If you’re a young adult, or even still a teenager, you might find you rely pretty heavily on your phone. You might find it hard to quit it, too– with notifications from all your applications, your emails, and the text messages that continuously light up your phone; you’re never really free of the online interactions so prevalent in the world today. But why are phones so addicting, and what has led to the rise of mental illness that haunts consistent technology users? What sort of treatment or regulatory options exist for electronic addiction? Should we detox from our phones, or are they increasingly becoming part of the world that we live in?
As early as 2012, scientists have been warning about the adverse effects of technology on children– but in 2016 the statistics and research studies seemed to pick up. However, in a 2016 Duke University study, students who texted their friends more during the day reported lower rates of depression and anxiety, although they were more likely to exhibit behaviors like lying, fighting, and other behavioral problems, as well as exhibit symptoms of ADD and ADHD. Electronic usage also has been found to correlate with lower levels of self-control in teens. A San Diego State University study found similar results– those who spend more than three hours online on any device per day were more likely to report feeling depressed and report having suicidal thoughts, especially in young girls.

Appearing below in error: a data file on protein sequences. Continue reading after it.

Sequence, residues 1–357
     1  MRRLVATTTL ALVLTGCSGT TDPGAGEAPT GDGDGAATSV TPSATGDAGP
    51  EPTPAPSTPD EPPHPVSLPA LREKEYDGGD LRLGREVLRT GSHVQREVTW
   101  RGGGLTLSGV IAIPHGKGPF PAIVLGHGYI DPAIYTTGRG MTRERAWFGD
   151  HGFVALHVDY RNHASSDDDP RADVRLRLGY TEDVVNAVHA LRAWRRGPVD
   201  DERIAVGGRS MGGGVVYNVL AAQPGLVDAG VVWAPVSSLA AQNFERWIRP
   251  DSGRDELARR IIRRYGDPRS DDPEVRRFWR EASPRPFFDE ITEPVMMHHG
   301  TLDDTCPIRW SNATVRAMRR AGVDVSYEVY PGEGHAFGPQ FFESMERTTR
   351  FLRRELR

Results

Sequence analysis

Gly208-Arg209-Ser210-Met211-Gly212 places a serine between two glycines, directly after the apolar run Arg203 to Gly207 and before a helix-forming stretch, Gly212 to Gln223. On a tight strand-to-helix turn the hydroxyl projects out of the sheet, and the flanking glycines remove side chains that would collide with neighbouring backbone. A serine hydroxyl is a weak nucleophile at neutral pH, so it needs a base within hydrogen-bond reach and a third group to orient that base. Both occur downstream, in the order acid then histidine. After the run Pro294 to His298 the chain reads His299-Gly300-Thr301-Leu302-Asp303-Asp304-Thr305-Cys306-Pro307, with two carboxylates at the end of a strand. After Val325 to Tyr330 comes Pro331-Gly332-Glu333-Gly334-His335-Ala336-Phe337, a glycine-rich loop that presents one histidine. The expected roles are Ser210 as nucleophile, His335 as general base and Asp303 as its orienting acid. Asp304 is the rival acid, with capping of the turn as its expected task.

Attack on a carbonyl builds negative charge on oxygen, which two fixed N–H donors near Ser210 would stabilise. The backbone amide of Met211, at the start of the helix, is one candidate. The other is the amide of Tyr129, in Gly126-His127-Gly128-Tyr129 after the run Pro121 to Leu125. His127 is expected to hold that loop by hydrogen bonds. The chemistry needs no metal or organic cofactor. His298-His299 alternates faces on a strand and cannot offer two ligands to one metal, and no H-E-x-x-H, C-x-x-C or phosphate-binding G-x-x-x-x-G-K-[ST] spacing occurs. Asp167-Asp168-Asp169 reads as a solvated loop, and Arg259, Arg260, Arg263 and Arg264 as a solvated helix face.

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But what can you do to avoid these negative thoughts and behaviors (besides obviously putting down the phone every once in a while)? Many mental health advocates and researchers suggest reaching out for help when you feel hopeless is a great place to start. Working with a counselor can be immensely helpful in understanding and coming to terms with your thoughts– and a counselor can help you holistically address your health (including your device usage) and tailor your actions accordingly. Reducing your device usage can be the first step in becoming healthier and understanding your health in a holistic, general sense.
Detoxing on Your Own
To “detox” from your phone on your own, several options exist. Just deciding to not answer work emails or texts on a Saturday or Sunday can be a great place to start. Other significant areas to begin understanding your technology usage are apps that track your time, forcing you to reconcile with the amount of time you spend online. If you find that you regularly reach for your phone while working, apps like Forest (available on iOS and Android) can help keep you focused on your work.